Exactly 52 years ago today mankind decided to boldly go where no man had been before. Except it wasn’t man who embarked on this mission but his nearest cousin.
During the 1950’s astronauts still hadn’t travelled beyond the earth’s atmosphere. There were concerns among scientists about the effects of prolonged weightlessness; and so began the race between the Americans and Russians to send a living organism into space and bring it back alive and unharmed.
On May 28th 1959, experts at the National Aeronautics and Space Administration (NASA) decided to send a seven-pound female rhesus macaque (Macaca mulatta) named Able and a female squirrel monkey named Baker (genus Saimiri) who weighed just 11-ounces into space.
The monkeys were packed into the nose cone of an army Jupiter rocket and fired from Cape Canaveral in Florida, on a parabolic lob 300 miles above the earth — well past the 67-mile threshold of space.
The primates were weightless for nine minutes out of the 15-minute flight and were monitored throughout for changes in their heart beats, muscular reaction, pulse velocity, body temperature and rate of breathing. During the journey the rocket reached speeds of up to 10,000 mph. The monkeys were recovered 1,500 miles away in the South Atlantic near Puerto Rico.
A spokesman from the US Army Medical Research and Development Command said the monkeys were in “perfect condition” on their return.
We’ll never know what these primates experienced during their flight to outer space. But if I hazard a guess, I’d say with G-forces guaranteed to flatten out any expression of fear, I doubt it was enjoyable. The training that today’s astronauts go through in order to get accustomed to the teeth-rattling, bone-shaking launch and re-entry takes years. It’s quite remarkable that these monkeys returned to earth in one piece. Their predecessor, a dog called Laika, who was sent up by the Russians two years earlier in 1957, died days into her flight.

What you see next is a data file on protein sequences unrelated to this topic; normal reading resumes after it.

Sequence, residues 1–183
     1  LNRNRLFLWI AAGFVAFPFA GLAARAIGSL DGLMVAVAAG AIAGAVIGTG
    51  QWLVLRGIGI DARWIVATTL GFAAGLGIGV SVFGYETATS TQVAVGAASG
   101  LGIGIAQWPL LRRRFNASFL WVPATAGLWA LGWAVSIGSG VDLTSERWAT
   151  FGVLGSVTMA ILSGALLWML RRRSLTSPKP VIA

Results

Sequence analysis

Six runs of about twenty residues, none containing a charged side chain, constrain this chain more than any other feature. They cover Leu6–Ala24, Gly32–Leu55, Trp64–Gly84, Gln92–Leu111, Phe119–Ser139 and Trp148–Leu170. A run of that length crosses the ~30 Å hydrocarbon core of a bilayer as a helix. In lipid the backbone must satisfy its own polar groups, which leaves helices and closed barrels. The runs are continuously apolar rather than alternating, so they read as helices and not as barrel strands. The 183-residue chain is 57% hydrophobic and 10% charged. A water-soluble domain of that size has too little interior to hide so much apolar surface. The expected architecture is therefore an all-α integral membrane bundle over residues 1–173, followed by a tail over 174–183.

Although space experts hailed Able’s and Baker’s mission a success, it was heavily criticised by animal welfare groups.
Back on earth the monkeys were operated on to remove electrodes implanted for the flight, Able died from the effects of the anesthetic. A post-mortem examination revealed she’d suffered no adverse effects from her flight into space. She’s been taxidermically preserved and is still on display at the National Air and Space Museum in Washington.
Baker survived a similar operation and in fact managed to live until 1984.
NASA’s website says: “Despite losses, these animals have taught the scientists a tremendous amount more than could have been learned without them. Without animal testing in the early days of the human space program, the Soviet and American programs could have suffered great losses of human life.
“These animals performed a service to their respective countries that no human could or would have performed. They gave their lives and/or their service in the name of technological advancement, paving the way for humanity’s many forays into space.”